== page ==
It’s not unusual, for example, for one person to question the purpose of the traditional upfront while another deconstructs a logo from a different perspective or investigates the history of lower thirds, transitions or swipes. As Johnson puts it, “chance favors the connected mind.”

10
Mar

Think Like A Tourist: Yurt Style

photo courtesy of ChoongChing, Flickr

photo courtesy of ChoongChing, Flickr

Think Like A Tourist: Find A Yurt

Creativity often flows through us and into our projects, campaigns and ideas. Part mystery and part an ability to focus intensely, creativity in popular consciousness remains a murky mystery to most. We may not know what creativity is exactly, but we do know we want it.

Neuroscience continues to pull apart what was once the mythical and peculiar brain activity of ideation, imagination, and creation. Early results suggest a small but powerful shift in our thinking. We should frame creativity through the lens of  “skill” rather than a character-based temperament, nature or disposition. Creativity isn’t something people epitomize or resemble, but a tangible skillset with corresponding characteristics.

And given our traditional definitions, thinkers and educators have focused less on how to sharpen creative thinking skills and more on the best ways to “funnel” our chaotic emotions, thoughts and unconscious snippets.

What cannot be studied or scanned in the neuroscience lab is curiosity. That quality we humans should always have; the desire, interest and hubris to tromp into our world and explore every crevice, and piece of technology or experience around us. #thinklikeayurt

Stepping out of the everyday world of deadlines, habits and our curated digital lives is a vital part of staying curious and interested. Oishii designer Amanda Trovela recently stepped out busy L.A. life and dropped into a yurt in Malibu. Yurts are tent-like structures that come from the ancient Turkic peoples. And while going nomadic isn’t necessarily what we should — or could — be doing full-time, yurt-living is an increasingly popular mode of escape as it is a symbol of individual freedom and clear-headed thinking in an age of enforced distraction.

We think yurt life is an excellent tool to Think Like A Tourist.

Are you ready to reinvigorate and #thinklikeayurt?

 

01
May

Bring Everyone Coffee…

Looking to make the next teamwork session more productive? Try making everyone coffee and bring to the meeting

Psychologist Sonya Lyubomirsky, sonjalyubomirsky.com, has studied happiness and has discovered the many  downstream benefits of cultivating a smile and generous emotions for your  work mates.  For creatives, where “producing” content is critical, feelings play a role in the process of idea generation.  Postive feelings about ones self and others fosters empathy which in turn allows the mind to flourish and generate ideas. So, pick up the coffee and let the ideas flow…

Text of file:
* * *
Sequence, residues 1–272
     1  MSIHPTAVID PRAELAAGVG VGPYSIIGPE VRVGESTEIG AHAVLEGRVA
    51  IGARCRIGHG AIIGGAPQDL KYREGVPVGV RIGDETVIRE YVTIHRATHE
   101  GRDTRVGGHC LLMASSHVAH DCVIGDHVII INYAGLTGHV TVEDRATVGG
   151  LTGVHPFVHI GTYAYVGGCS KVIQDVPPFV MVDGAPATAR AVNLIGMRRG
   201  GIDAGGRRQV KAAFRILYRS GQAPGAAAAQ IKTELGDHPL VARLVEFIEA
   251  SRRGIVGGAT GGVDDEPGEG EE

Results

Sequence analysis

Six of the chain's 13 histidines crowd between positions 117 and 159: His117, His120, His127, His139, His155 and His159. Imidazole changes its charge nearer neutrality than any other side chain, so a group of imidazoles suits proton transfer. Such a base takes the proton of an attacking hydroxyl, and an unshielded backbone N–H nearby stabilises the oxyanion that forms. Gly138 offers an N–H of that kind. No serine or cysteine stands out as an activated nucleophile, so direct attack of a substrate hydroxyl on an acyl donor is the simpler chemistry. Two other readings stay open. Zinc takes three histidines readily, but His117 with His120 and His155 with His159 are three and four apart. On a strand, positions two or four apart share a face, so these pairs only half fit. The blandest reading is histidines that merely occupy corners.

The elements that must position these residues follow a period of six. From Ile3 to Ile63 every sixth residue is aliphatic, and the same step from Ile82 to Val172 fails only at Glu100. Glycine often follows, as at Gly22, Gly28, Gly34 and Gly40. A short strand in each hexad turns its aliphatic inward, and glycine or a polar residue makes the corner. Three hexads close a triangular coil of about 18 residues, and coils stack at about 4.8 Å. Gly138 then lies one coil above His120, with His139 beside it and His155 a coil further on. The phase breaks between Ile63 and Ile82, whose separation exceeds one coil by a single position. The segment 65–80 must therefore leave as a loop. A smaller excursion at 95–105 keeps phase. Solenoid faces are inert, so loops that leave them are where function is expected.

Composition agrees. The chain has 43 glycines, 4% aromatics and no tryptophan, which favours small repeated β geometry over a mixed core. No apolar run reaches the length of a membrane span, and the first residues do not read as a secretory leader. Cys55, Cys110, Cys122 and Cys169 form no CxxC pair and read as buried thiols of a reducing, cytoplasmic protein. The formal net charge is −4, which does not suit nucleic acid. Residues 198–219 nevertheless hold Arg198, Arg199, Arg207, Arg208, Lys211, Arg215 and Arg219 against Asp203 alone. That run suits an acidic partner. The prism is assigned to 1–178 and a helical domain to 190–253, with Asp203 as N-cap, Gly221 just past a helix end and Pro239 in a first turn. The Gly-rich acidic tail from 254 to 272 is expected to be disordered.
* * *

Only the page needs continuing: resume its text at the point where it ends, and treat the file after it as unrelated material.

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29
Nov

Congratulations to the Inaugural SMMA winners!

Oishii Creative was honored to produce this open for the first annual Sports Media Marketing Awards (SMMA).

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23
Sep

Oishii and Otis

We recently collaborated with Ovation to help Otis students produce brand ID’s for the network. The challenge offered by Ovation was to test the creativity of students through ID’s that celebrated humanity and accessibility to the arts category. We are providing these next generation of designers access to our facilities and instruction to help get their ID’s broadcast ready, extending the traditional boundaries of the classroom to give them real-world/hands-on experience. We are excited to share their finished work in the coming weeks.

19
Jul

Oishii brings home a Gold and Silver

 

We came home with a Gold and Silver at Promax/BDA for our work with Ovation in the Integrated: Content Promotion categories. Our creative for the Free Tuesdays Campaign won Gold and inspired work by Retna for the American Revolutionaries Campaign brought home Silver.

 

01
Dec

Oishii Completes Moby’s New Music Video


Last year we had the pleasure of working with accomplished director, Mark Pellington on our NFL Coach Promo Campaign. He recently called us to design the graphics for Moby’s latest video. The new single One Time We Lived comes from his latest album Wait for Me. Matt Roe was the DP.  

06
Nov

AFI DigiFest at Mann Chinese Theater

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We were proud to donate our time to help the AFI Digital Content Lab and the Leonardo DiCaprio Foundation showcase their recent online strategy for engaging youth in a series of relevant environmental action challenges. For nearly twelve years, the AFI Digital Content Lab has been the premier R&D incubator for new forms of digital entertainment and cross-platform engagement opportunities. We worked with other volunteer mentors on the project including, Irmelin DiCaprio (CEO & Founder of the Leonardo DiCaprio Foundation), David Gale (EVP New Media at MTV), Matt Wolf (founder of Double20, a gaming company) and Philippe Cousteau (Co-Founder Earth Echo) to name a few. The strategy developed uses the power of distributed content across the many platforms that are now available (Twitter, Facebook, Ning, etc) via multiple partner organizations.

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20
Oct

Oishii Creative’s Ismael Obregon Featured on TV


Ismael Obregon, Founder of Oishii Creative, was recently profiled on American Latino. On the program he shares thoughts on the creative process, trends in broadcast and web design and his famous grandfather.